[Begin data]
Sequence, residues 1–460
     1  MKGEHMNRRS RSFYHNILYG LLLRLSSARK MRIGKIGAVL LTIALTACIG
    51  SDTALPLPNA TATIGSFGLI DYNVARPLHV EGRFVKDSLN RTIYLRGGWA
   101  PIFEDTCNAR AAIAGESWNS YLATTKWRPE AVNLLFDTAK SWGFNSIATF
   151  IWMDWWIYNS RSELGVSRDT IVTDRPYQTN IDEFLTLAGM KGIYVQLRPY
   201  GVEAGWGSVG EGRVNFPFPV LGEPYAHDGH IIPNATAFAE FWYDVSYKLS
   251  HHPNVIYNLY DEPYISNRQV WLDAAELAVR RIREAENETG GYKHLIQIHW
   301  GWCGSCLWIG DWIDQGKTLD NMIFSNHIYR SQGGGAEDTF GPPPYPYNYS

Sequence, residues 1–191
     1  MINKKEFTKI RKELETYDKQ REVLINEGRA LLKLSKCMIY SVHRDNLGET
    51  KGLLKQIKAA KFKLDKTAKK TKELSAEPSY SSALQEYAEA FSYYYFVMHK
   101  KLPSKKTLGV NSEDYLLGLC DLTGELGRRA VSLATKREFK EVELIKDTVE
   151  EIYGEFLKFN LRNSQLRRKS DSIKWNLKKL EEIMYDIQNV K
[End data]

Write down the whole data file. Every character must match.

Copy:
Sequence, residues 1–460
     1  MKGEHMNRRS RSFYHNILYG LLLRLSSARK MRIGKIGAVL LTIALTACIG
    51  SDTALPLPNA TATIGSFGLI DYNVARPLHV EGRFVKDSLN RTIYLRGGWA
   101  PIFEDTCNAR AAIAGESWNS YLATTKWRPE AVNLLFDTAK SWGFNSIATF
   151  IWMDWWIYNS RSELGVSRDT IVTDRPYQTN IDEFLTLAGM KGIYVQLRPY
   201  GVEAGWGSVG EGRVNFPFPV LGEPYAHDGH IIPNATAFAE FWYDVSYKLS
   251  HHPNVIYNLY DEPYISNRQV WLDAAELAVR RIREAENETG GYKHLIQIHW
   301  GWCGSCLWIG DWIDQGKTLD NMIFSNHIYR SQGGGAEDTF GPPPYPYNYS

Sequence, residues 1–191
     1  MINKKEFTKI RKELETYDKQ REVLINEGRA LLKLSKCMIY SVHRDNLGET
    51  KGLLKQIKAA KFKLDKTAKK TKELSAEPSY SSALQEYAEA FSYYYFVMHK
   101  KLPSKKTLGV NSEDYLLGLC DLTGELGRRA VSLATKREFK EVELIKDTVE
   151  EIYGEFLKFN LRNSQLRRKS DSIKWNLKKL EEIMYDIQNV K